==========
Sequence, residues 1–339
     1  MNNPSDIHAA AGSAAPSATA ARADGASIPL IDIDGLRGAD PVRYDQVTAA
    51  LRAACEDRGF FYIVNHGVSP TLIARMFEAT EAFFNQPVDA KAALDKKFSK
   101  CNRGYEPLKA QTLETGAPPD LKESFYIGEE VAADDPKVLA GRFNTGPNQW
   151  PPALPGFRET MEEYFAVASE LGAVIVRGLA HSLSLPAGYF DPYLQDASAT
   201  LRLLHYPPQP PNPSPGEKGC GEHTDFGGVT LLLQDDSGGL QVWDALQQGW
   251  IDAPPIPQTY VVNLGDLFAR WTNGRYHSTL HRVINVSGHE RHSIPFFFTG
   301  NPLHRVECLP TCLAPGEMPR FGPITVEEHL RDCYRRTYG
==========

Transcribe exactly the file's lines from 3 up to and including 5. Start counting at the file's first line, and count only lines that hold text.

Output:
    51  LRAACEDRGF FYIVNHGVSP TLIARMFEAT EAFFNQPVDA KAALDKKFSK
   101  CNRGYEPLKA QTLETGAPPD LKESFYIGEE VAADDPKVLA GRFNTGPNQW
   151  PPALPGFRET MEEYFAVASE LGAVIVRGLA HSLSLPAGYF DPYLQDASAT